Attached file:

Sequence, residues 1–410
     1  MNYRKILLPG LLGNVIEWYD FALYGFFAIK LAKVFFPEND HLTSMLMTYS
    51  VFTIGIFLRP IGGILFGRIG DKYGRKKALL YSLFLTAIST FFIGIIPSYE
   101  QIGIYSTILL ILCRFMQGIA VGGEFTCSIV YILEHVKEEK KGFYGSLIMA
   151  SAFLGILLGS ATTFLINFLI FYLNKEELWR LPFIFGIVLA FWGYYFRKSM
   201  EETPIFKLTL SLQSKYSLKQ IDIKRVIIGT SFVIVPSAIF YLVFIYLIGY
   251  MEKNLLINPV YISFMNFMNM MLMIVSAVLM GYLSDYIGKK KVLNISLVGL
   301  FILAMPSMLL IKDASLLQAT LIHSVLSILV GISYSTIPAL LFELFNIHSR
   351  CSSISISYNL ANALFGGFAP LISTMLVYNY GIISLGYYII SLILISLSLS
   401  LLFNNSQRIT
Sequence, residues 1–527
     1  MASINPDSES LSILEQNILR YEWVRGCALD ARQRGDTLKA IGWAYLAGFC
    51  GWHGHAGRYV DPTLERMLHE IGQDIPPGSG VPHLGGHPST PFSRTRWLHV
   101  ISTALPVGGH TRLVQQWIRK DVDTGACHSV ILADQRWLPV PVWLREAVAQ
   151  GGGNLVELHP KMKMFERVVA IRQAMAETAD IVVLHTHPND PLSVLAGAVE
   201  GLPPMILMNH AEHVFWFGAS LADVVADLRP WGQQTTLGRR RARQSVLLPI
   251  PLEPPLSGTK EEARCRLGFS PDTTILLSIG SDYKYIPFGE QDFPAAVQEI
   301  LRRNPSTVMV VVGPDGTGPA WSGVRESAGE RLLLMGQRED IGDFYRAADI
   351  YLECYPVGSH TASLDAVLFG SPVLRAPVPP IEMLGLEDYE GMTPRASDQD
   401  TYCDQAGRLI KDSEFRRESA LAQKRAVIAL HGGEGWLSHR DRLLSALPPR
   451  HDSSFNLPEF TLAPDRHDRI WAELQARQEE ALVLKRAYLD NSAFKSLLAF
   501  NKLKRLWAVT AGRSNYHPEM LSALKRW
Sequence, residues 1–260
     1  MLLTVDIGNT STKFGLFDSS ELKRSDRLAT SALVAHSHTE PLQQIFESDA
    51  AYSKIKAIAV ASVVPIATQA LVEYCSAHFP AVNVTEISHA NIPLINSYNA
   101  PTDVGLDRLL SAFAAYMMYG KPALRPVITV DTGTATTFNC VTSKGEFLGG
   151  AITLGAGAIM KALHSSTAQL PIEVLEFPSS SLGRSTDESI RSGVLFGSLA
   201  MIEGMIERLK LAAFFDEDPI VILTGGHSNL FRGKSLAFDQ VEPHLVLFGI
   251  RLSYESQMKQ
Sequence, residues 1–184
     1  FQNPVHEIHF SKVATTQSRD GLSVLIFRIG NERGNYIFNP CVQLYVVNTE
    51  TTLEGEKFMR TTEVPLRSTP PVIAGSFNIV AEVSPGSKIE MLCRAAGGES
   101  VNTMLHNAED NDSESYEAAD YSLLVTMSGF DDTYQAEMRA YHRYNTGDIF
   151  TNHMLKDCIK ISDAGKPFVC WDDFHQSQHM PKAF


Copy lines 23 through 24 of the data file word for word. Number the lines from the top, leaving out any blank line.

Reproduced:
Sequence, residues 1–260
     1  MLLTVDIGNT STKFGLFDSS ELKRSDRLAT SALVAHSHTE PLQQIFESDA